Poverty and fragility are increasingly interlinked: by 2030, more than half of the world's extreme poor will live in countries characterized by fragility, conflict, and violence (FCV). The global fragility landscape has worsened significantly in recent years, impacting low- and middle-income countries.
Research, data collection, and analysis under this theme will study the particular challenges of fragile and conflict-affected situations, which are home to a large share of the world’s extremely poor people and remain a special concern to the World Bank Group. This area includes, for example, issues such as factors contributing to conflict and violence, the cost of conflict in terms of growth and development outcomes, international policy and support to help break the cycle of conflict, challenges and transition issues of post-conflict economies, and, more broadly, the factors, policies, and institutions that contribute to enhancing competitiveness and sustainable progress in fragile states.
In light of the challenges imposed by the COVID-19 pandemic, more innovative tools and analyses are demanded to estimate program impacts on poverty outcomes quicker and more cost-effectively, particularly in low-capacity FCV settings, and to examine the social and psychological effects of conflicts and forced displacement. For example, DEC teams are currently testing the feasibility and accuracy of using call detail records to estimate changes in poverty in Afghanistan, where high-quality household data are limited, expensive, and difficult to generate. In addition, the teams are looking into effective strategies for social and economic integration of refugees in host communities in Jordan, using an RCT, and in Bangladesh, estimating the psychological costs of the loss of home among adolescent refugees and the benefits of creating a “home” relative to the benefits of pure economic interventions.
In the FCV context, the topic of migration is of great importance. Many empirical studies have found that increased labor mobility leads to large gains for the immigrants and positive overall gains for the destination countries. The compelling economic evidence on the economic gains and social benefits of migration sits awkwardly with stark political opposition to immigration, particularly for immigrants who come from FCV countries. Although research has begun to explore the economic and political sources of this tension, large knowledge gaps persist. (i) Data: the World Bank’s leadership in this area was initiated by KCP funding more than a decade ago. Yet, data constraints, especially in lower-income countries, are severe. (ii) Impact: analysis of the impact of migration in origin and destination countries requires innovative approaches. This is especially the case for exploring the relationships between migration and climate change, gender discrimination, demographic change, and civil conflict. (iii) Policy: the existing evidence on many policies indicates that they cannot be evaluated with the current data or are simply ineffective. Innovative policy tools need to be designed and evaluated, using proper administrative data.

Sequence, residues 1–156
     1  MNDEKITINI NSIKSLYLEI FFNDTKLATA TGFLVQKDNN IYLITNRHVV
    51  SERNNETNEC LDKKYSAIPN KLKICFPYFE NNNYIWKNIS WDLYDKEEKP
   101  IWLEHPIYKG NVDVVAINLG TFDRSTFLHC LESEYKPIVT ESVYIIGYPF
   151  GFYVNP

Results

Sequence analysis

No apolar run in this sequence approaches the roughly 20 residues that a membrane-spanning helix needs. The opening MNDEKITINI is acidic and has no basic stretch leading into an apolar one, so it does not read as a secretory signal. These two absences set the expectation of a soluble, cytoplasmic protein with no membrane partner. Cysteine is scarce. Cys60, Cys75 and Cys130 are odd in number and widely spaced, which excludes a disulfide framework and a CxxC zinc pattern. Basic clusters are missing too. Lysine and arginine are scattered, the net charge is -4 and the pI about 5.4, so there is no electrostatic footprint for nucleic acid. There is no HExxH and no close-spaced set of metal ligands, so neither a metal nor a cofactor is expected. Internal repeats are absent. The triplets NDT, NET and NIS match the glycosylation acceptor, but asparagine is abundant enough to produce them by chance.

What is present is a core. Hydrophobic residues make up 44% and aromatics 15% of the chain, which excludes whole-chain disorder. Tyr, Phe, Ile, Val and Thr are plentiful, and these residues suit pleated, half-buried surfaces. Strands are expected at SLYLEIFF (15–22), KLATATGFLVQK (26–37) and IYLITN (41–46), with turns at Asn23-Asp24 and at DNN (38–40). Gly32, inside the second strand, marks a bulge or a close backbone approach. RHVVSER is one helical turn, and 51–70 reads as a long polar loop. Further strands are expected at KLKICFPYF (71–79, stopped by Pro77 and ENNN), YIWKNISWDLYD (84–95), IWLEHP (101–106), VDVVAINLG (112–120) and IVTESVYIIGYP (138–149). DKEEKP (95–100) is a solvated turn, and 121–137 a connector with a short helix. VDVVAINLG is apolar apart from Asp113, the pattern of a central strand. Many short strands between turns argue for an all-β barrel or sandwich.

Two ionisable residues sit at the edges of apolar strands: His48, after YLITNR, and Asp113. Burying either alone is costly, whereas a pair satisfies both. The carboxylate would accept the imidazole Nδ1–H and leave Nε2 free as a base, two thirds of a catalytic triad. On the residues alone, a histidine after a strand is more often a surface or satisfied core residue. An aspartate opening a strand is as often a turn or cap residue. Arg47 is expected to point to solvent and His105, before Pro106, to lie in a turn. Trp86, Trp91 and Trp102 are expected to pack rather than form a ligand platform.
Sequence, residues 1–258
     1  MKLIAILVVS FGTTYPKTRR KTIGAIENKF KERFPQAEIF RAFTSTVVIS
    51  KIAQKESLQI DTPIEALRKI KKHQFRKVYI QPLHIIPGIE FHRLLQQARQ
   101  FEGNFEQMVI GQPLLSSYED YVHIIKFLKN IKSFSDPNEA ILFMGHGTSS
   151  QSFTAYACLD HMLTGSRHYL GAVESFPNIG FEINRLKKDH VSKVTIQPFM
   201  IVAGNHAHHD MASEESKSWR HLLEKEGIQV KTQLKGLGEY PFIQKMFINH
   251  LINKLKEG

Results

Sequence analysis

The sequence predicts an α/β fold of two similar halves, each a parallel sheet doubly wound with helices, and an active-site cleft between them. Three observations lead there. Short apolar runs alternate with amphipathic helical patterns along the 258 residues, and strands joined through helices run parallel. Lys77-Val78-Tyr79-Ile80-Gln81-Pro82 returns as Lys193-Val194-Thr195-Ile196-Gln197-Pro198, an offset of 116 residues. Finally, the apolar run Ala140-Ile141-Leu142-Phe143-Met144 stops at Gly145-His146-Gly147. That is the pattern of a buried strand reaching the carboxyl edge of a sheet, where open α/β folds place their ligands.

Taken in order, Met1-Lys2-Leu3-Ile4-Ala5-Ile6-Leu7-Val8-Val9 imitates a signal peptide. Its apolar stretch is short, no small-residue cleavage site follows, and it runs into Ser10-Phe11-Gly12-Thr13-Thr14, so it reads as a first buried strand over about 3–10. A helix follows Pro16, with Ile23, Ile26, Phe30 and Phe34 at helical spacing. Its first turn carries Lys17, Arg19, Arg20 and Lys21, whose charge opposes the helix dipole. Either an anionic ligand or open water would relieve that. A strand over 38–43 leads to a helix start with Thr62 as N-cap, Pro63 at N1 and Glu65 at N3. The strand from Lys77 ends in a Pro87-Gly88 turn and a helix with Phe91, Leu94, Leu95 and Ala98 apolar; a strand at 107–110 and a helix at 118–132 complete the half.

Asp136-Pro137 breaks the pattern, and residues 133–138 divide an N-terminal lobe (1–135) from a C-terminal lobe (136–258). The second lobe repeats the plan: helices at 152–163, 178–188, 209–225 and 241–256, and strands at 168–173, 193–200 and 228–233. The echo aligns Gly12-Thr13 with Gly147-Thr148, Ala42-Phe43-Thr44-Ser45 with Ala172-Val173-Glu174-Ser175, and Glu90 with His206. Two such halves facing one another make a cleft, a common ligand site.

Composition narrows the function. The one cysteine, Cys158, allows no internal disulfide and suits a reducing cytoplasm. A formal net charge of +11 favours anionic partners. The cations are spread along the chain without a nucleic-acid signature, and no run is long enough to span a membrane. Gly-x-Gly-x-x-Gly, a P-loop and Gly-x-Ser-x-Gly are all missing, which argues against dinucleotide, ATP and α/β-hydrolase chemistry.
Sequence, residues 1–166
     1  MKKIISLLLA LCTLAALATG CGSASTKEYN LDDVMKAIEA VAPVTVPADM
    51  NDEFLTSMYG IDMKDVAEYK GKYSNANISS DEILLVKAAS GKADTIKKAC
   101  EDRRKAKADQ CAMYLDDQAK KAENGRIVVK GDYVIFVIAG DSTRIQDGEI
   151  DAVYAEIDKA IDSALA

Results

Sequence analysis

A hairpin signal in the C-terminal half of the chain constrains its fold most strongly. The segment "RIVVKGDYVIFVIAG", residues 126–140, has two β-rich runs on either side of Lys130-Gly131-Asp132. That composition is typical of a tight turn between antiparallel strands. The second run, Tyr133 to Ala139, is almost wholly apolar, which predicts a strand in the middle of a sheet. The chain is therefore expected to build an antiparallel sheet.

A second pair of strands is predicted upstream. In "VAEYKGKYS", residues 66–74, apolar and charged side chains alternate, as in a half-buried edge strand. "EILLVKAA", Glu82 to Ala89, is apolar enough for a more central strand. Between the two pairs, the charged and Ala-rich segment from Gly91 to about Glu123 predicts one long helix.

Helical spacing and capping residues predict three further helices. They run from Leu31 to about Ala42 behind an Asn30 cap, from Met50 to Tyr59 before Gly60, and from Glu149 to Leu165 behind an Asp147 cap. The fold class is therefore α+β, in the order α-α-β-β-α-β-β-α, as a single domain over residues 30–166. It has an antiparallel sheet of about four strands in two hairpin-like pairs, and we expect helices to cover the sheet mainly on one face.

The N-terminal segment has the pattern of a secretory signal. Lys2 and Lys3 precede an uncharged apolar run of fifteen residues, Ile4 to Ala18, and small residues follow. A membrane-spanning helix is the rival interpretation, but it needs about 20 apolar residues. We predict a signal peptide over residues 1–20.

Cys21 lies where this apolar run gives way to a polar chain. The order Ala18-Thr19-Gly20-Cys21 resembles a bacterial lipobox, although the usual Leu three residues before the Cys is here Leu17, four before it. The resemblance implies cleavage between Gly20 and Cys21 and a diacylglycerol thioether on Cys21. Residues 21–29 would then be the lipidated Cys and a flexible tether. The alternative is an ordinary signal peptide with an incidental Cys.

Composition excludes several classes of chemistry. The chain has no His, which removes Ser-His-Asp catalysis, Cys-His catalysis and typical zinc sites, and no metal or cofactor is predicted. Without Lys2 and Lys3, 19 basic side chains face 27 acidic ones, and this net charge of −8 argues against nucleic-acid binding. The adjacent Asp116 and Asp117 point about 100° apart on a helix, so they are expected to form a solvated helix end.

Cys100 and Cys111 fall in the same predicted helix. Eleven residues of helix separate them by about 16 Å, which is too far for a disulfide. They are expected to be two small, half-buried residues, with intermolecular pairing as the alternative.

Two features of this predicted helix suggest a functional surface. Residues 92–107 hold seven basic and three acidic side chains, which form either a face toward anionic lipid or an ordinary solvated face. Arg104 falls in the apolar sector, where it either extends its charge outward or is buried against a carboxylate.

The Impact of Syrian Refugees on the Turkish Labor Market (2015)
By 2015, 2.5 million Syrians fleeing war found refuge in Turkey, making it the largest refugee-hosting country worldwide. Syrian refugees are overwhelmingly employed informally, since they were not issued work permits, making their arrival a well-defined supply shock to informal labor.
The Relationship between Conflicts, Economic Shocks, and Death with Depression, Economic Activities, and Human Capital Investment in Nigeria (2018)
This paper examines the links between adverse events, depression, and decision making in Nigeria. It investigates how events such as conflicts, shocks, and deaths can affect short-term perceptions of welfare, as well as longer-term decisions on economic activities and human capital investments.
Reducing Crime and Violence: Experimental Evidence on Adult Noncognitive Investments in Liberia (2016)
A study of criminally-engaged Liberian men found that self-control, time preferences, and values are malleable in adults. Investments in these skills and preferences reduce crime and violence.